But, if you are dealing with cystic acne, the best thing to do is seek advice from a doctor to develop a treatment plan that will work for you.

With Software's personalised prescription acne treatment, a local doctor can create a formula designed for your specific skin needs and work with you to improve your skin long term.

Software's customised formulas often include ingredients like prescription retinoids, azelaic acid, niacinamide and hyaluronic acid to help treat acne, hydrate skin and reduce redness and swelling associated with cystic acne.

What can't pimple patches do?

While pimple patches are effective on open whiteheads and existing breakouts, they are not very useful on closed lesions or deeper pimples such as blackheads.

They work best as spot treatments on active pimples but cannot help prevent breakouts. They are also unable to prevent scarring, sadly.

If you're struggling with cystic acne, inflamed acne or breakouts that cover large sections of the face, it's best to see a doctor who can prescribe skincare with the right active ingredients for your skin type.

Can you put makeup over pimple patches?

It is completely safe to wear makeup over pimple patches, however, you may need to test out different brands to find the best one for that purpose as some may still be visible under makeup.

Some acne patches effortlessly blend in with your skin, while others are still very visible. It could be a great solution if you've got a meeting over Zoom, but you may be able to see the outline on the skin if it's in person. There's nothing wrong with this though, and it's simply a matter of personal preference.

Wearing makeup over a pimple patch will also reduce the chance of your foundation irritating your skin and clogging your pores with dirt and other impurities.

Some people may prefer to use pimple patches overnight and take them off during the day.

Can you use pimple patches while pregnant?

Hydrocolloid acne patches are totally safe to use on the skin during pregnancy and are a great way to manage spots that pop up as active ingredients like vitamin A are off the table during this time.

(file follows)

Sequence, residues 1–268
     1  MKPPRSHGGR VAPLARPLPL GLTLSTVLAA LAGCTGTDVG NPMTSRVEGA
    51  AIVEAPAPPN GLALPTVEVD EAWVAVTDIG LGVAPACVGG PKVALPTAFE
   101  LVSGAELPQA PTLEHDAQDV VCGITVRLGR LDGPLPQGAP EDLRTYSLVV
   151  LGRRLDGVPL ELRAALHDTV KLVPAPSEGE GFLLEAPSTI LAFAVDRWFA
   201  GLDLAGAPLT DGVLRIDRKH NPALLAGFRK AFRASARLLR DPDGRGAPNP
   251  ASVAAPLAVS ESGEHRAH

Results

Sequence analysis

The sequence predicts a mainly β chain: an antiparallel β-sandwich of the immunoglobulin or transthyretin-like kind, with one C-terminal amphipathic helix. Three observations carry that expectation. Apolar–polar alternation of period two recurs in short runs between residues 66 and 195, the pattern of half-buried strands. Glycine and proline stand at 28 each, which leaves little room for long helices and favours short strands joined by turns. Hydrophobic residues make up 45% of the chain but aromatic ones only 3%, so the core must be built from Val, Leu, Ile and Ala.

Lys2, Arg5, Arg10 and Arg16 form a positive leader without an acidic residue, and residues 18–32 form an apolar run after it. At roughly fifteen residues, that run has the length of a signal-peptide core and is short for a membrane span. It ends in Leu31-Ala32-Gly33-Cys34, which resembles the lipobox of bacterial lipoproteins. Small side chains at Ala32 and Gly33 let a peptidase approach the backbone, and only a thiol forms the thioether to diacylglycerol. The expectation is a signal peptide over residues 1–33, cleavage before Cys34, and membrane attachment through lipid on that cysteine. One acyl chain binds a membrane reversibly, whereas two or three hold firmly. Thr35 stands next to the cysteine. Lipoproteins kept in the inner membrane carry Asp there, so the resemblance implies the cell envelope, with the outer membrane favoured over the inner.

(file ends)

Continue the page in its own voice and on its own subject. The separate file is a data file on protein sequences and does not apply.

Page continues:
Be sure to check if the acne patches you are using have active ingredients and be sure to steer clear of any that aren't pregnant or breastfeeding friendly.

Can pimple patches make acne worse in some cases?

For most people, acne patches will work just fine to make the lesion smaller or to stop bacteria from getting inside.

However, those with super sensitive skin might want to avoid acne patches with ingredients like salicylic acid and tea tree oil as they can irritate the skin.

If you're allergic or sensitive to the adhesive, this could also be an issue.

While hydrocolloid acne patches are helpful for small one-off pimples, if you have larger breakouts, you may find it useful to speak with a doctor and come up with a plan that suits your skin's specific needs.

What are other ways to fight acne if patches aren't strong enough?

While pimple patches are a great short-term solution when you've already got a zit, prevention is always better than the cure, and it's best to have a skincare regime in place to stop breakouts from ever forming.

With the help of a Software doctor, you can access an effective acne treatment that is personalised to your needs and skin goals. And, you don't even need to leave the house with all of the text-based consultations taking place online.

Software has made this process incredibly simple. All you need to do is complete a skin quiz and send in some photos of your problem areas. A local Software doctor will then prescribe a customised formula designed to treat your acne and prevent further outbreaks and scarring.

You also receive ongoing support from your doctor, who can continue to provide you with skincare tips over the course of your treatment. All for just $44 a month.

There are a bunch of prescription ingredients that can help your skincare woes, which is why it's best to speak to professionals who can advise you on what will work best for you.

Image credit: cottonbro via Pexels.